Making its debut this week at the Los Angeles 3D Film & Music Festival, Spiders 3D is ready to bring 8-legged arachnid mayhem back to the silver screen… in 3D! Read on for our exclusive interview with the man behind this latest web of destruction!
Directed by seasoned sci-fi filmmaker Tibor Takács (The Gate, I, Madman) and starring Christina Campbell (Drive Angry, Hyenas) and veteran giant bug slayer Patrick Muldoon (Starship Troopers, Stigmata), Spiders 3D aims to mix a bit of old school, nostalgic monster movie flare with a more modern twist. Giant, mutated, evil spiders from space! It doesn’t get any better than that!
Recently Dread Central was able to chat with director Takács about Spiders 3D, his inspirations for giant alien arachnids, getting the tone right in a monster movie, what’s next on the horizon and more!
Dread: When you hear about a movie called Spiders 3D, it kind of conjures up pictures of the old school Hollywood creature features. Can you talk a little about where you got your inspirations and how this film got off the ground?
Takács: It’s sort of an evolved process. I approached Millennium about doing a moderate budget 3D movie. We could take kind of a Syfy Channel budget and turn that into a big screen 3D movie. Nu Image had some success with spider movies, and we wanted to do a giant spider movie because, well, spiders lend themselves to 3D very well, flying through the legs and everything. *laughs*
Most of the inspiration comes from current films, actually. I don’t how much this comes across in the film itself, but a lot of my inspiration actually came from films like Cloverfield. I wanted there to be a nostalgic tone, but not necessarily feel exactly like those films from the 50s. I wanted it to be an homage, but not a parody. I didn’t want people winking at the camera and stuff like that.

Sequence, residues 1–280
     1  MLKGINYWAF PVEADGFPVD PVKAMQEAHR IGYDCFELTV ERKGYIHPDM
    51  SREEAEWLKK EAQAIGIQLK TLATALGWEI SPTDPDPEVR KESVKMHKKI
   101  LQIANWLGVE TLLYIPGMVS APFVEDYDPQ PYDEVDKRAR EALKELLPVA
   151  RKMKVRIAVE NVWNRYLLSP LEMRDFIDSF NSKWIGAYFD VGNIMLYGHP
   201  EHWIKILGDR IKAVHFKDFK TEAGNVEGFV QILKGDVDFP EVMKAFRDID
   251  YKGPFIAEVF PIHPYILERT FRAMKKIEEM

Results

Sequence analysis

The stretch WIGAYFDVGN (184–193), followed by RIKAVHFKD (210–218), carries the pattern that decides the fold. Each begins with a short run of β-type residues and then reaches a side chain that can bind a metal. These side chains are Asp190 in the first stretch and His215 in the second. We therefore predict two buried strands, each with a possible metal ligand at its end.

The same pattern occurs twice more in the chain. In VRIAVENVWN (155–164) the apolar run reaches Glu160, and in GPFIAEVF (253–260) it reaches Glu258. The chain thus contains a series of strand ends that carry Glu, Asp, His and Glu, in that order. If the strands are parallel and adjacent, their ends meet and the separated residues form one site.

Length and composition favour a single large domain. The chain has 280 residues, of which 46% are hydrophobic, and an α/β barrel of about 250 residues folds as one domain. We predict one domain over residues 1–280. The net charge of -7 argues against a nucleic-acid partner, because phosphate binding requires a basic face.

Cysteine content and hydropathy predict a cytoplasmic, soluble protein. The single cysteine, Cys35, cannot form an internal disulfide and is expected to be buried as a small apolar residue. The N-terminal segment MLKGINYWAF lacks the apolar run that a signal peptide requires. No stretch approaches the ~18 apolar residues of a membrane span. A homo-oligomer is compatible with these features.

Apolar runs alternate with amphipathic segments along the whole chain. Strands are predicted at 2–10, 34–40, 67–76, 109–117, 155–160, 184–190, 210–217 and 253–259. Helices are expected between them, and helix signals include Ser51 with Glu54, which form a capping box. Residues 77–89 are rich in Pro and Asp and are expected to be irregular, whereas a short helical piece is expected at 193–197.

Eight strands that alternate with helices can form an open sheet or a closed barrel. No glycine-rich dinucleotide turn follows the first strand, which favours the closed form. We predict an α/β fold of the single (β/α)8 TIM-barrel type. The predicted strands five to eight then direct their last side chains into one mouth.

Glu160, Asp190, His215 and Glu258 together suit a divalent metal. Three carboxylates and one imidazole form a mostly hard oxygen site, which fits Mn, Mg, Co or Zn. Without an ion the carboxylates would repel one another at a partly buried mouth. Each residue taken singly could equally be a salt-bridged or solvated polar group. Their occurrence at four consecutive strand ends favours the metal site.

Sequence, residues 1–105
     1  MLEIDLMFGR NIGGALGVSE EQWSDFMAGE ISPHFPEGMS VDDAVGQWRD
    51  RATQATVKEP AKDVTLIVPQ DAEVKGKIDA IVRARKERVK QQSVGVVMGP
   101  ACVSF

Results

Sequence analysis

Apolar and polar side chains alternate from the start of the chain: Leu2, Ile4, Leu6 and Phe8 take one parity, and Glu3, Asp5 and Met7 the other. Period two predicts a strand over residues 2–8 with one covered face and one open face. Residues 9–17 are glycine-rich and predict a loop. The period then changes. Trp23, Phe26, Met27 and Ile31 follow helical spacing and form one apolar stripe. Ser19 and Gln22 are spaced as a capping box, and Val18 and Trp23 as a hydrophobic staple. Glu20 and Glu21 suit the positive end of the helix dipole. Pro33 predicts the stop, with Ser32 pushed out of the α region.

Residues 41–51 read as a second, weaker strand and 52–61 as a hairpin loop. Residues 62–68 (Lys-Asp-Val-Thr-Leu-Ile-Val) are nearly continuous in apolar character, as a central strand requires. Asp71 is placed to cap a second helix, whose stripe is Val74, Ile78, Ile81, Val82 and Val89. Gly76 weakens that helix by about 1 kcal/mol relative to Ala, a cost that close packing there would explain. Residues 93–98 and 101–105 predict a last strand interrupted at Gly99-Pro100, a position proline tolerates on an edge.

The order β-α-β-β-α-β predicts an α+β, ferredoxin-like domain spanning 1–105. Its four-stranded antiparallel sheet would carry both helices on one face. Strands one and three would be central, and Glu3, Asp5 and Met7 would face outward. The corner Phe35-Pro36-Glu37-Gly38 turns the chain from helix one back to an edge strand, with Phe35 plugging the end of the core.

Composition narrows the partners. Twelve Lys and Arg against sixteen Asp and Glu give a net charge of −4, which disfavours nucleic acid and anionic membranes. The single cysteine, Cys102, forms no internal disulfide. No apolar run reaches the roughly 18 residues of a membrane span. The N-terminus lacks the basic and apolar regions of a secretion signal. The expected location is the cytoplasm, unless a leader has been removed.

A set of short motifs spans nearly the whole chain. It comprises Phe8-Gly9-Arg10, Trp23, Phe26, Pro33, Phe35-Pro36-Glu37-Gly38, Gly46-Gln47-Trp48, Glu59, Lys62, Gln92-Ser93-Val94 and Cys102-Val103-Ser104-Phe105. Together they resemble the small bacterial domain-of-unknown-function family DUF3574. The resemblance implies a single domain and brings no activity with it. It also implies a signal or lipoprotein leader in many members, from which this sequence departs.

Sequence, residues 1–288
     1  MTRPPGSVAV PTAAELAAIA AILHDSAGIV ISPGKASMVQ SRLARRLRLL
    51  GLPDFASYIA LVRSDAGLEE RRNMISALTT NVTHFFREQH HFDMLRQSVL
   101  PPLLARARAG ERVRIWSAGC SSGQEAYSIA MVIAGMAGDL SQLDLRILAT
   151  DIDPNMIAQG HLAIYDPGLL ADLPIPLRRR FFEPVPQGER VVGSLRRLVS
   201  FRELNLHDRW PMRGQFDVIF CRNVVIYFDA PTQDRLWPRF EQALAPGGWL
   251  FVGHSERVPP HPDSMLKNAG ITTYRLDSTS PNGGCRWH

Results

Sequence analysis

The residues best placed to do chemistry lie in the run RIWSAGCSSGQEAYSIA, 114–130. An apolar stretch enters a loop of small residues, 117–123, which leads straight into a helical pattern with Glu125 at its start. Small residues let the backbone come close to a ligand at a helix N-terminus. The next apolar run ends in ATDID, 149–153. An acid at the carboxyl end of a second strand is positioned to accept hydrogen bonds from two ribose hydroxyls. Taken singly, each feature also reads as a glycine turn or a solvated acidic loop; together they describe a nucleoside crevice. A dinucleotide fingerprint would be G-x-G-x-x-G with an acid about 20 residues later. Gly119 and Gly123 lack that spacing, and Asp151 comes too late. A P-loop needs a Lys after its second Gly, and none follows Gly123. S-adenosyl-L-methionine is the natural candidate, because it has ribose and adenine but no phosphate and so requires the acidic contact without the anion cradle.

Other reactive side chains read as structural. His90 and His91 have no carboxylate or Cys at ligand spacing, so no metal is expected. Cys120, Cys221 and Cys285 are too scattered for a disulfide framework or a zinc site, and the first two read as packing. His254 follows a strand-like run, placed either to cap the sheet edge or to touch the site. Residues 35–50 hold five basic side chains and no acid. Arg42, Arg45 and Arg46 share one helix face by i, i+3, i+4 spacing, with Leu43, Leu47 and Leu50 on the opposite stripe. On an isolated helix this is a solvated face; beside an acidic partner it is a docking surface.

Dread: The film is set in New York, and I know on your relatively small budget you probably didn’t shoot there. Where did you guys film this thing?
Takács: Yeah, we couldn’t really get them to shut down the streets in New York. *laughs*
We shot in Bulgaria. They have a 6-block backlot that they call Greenwich Village that was the stand-in for New York. We used their subway system as well. It doesn’t really look like the real New York subway system, but we brought in extra set pieces to make it look a little closer to the real thing.
Dread: One of my favorite things about this movie was the designs on the spiders themselves. They were familiar, but they also had a very otherworldly look to them. Can you talk a little about how you came up with the design?
Takács: Regular spiders, no matter how exotic, are still just earthly spiders. I wanted these to be mutated spiders, alien spiders. They’re also victims of botched scientific experiments. If they were just freaks of the earth, would it be as scary? Probably not.
Dread: Can you talk a little about the cast? In a movie like this, you really need to be able to walk the line between being serious and being a little more lighthearted and funny, and I think they really nailed it. How did you go about casting?